Sunday, March 6, 2016

Trim-Trio & the W. E. Bassett Company, Shelton, Connecticu



Above, a Bassett "Trim-Trio" consisting of three manicure blades.  Time was, everyone had one of these tools on their key chain.  Below, the same tool with a polished brass finish, made for some organization whose logo included an equestrian helmet and saddle:





Below, a Bassett tool made for Bell employees when home phone extensions were first being promoted under the slogan, "Why Walk to Talk?"





William E. Bassett founded his eponymous company in 1939 as a small contract machine shop in Derby, Connecticut.  When the Second World War started soon afterwards, the company was tasked with producing munitions. In 1947, he introduced the "Trim" brand nail clipper which incorporated a number of improvements over previous versions offered by his competitors and for which he received  U.S. Patent 2477782 in 1949.  The "Trim-Trio" was based on Bassett's 1957 U.S. Patent 2832135 for a "combined tool" and a subsequent 1967 U.S. patent:




In addition to TRIM®, over the ensuing decades the Bassett company came to own a portfolio of brands including Gem® and Pedx® and Covergirl®.  In 1978, the company relocated a short drive away across the Housatonic River to Shelton, Connecticut.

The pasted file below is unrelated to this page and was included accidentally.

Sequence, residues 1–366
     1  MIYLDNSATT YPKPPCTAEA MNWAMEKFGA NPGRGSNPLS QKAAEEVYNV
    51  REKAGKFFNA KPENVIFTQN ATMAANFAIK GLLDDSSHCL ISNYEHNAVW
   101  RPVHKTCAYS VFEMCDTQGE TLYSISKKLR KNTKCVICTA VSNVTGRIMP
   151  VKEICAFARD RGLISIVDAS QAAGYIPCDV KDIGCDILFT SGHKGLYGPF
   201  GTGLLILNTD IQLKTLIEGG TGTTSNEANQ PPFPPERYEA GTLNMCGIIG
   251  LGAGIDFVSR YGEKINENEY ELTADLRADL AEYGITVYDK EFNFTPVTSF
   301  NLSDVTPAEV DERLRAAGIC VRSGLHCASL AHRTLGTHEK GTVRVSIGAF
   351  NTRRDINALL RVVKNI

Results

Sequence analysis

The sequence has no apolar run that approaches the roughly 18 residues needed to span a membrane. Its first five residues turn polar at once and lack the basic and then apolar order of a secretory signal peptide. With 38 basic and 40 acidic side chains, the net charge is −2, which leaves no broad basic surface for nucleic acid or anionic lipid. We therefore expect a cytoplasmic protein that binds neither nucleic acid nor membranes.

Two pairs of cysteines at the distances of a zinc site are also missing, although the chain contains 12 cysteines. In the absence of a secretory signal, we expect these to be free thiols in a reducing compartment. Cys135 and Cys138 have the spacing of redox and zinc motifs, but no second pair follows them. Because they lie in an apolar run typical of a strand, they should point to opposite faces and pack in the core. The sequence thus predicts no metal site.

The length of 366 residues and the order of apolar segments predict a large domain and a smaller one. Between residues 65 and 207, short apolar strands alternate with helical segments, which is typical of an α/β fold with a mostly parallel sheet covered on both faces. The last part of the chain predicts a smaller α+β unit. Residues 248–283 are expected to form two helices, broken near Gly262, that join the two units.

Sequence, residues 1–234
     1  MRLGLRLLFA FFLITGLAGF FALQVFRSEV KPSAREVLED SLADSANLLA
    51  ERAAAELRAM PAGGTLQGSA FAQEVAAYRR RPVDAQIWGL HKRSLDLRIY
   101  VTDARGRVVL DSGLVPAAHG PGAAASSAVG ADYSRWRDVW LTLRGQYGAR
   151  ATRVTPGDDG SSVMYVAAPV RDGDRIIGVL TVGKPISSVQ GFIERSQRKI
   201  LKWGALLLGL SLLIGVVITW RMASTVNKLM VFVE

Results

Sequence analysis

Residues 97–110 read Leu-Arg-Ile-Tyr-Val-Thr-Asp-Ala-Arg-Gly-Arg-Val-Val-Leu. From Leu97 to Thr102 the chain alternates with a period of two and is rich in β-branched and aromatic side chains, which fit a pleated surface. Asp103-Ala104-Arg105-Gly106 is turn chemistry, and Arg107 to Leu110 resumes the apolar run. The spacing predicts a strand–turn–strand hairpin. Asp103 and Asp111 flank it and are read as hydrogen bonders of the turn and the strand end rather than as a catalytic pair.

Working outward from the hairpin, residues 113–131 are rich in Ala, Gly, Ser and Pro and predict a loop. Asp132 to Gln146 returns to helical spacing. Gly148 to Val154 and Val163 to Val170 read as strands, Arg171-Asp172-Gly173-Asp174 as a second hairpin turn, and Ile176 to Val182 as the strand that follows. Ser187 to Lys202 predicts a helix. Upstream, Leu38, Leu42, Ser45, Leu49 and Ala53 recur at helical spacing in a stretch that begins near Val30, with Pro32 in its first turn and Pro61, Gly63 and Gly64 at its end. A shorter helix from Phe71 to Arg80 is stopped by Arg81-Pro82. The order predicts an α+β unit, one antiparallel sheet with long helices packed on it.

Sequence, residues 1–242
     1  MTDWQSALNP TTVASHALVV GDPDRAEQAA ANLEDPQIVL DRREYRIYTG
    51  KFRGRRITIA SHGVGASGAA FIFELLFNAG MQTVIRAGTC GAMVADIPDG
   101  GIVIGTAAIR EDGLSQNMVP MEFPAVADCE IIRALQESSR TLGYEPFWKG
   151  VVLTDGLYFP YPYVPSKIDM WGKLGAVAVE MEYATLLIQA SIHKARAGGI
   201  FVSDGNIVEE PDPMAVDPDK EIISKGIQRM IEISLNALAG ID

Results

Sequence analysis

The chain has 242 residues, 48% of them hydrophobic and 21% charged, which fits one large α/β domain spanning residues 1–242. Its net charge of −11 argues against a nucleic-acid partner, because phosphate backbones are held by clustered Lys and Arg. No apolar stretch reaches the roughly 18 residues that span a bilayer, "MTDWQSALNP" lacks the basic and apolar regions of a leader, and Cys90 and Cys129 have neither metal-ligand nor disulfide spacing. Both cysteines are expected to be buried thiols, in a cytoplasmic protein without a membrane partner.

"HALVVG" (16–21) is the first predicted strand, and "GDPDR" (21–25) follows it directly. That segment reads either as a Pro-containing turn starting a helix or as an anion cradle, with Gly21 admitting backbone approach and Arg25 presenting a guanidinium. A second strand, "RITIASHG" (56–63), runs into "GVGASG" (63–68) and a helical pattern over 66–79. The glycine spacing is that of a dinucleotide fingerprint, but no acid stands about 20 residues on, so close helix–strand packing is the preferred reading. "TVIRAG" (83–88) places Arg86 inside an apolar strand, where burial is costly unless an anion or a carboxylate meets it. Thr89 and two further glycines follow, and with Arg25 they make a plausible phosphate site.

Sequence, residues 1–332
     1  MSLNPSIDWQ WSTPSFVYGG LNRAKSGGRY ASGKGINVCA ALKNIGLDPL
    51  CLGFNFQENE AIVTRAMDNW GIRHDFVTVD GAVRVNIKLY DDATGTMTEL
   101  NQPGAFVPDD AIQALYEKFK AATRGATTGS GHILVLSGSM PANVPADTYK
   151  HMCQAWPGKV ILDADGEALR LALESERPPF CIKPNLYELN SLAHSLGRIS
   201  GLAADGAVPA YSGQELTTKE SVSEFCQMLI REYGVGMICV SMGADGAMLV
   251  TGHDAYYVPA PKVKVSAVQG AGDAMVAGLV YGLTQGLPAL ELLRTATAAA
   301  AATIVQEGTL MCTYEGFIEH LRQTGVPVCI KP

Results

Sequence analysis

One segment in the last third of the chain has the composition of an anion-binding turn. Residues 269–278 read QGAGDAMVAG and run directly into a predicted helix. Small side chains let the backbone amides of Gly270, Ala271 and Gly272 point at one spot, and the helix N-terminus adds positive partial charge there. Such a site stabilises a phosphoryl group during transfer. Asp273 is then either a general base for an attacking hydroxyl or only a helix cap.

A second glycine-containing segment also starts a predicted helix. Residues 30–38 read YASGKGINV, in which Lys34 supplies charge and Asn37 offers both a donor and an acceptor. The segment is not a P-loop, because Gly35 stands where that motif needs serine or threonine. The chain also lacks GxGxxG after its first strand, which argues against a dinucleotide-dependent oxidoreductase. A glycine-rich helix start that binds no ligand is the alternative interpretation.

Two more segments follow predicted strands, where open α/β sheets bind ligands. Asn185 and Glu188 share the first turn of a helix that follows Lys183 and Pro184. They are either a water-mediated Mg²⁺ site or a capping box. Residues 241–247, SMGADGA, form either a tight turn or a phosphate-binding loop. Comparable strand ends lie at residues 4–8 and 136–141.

Things began to go south in the early years of the new century, when production was shifted to China.Then, in late 2011, Bassett merged with California-based Pacific World Corporation (representing brands including Fing'rs® and Revlon®), creating the fifth largest cosmetics company and the second largest nail care company by sales in the U.S.  Pacific World was a portfolio company owned by the private equity firm of Levine Leichtman Capital Partners.  In spite of the recession happening at that time, both companies were performing well, showing overall growth of over 16 percent in the previous year as consumers abandoned salon treatments for home care products. Nevertheless, four months after the merger, the new company announced the closure of the Shelton plant, eliminating some 200 jobs.  According to an article in the CT Post,  "The announcement surprised some workers, who said management talked about the merger as a way to preserve the company, which they believed meant the Shelton operation was safe."  In addition, it was reported that, "Shelton Mayor Mark Lauretti was not surprised by the move and said this is part of business. 'They come and they go,' he said, adding they go where their business models take them and this one takes Bassett out of state."

The situation was aptly summed up in a March 2012 column in the Valley Independent Sentinel:


The W.E. Bassett Co. is a legendary local company, a call back to the days when thousands worked in factories in the lower Valley. The factories weren’t owned by far away mega-companies. They were owned by local families, such as the Bassetts — and the products were made in the U.S.A.
Times have changed. 

Indeed.  The Lower Naugatuck Valley, once the heartland the Connecticut industrial revolution, continues its economic devolution.

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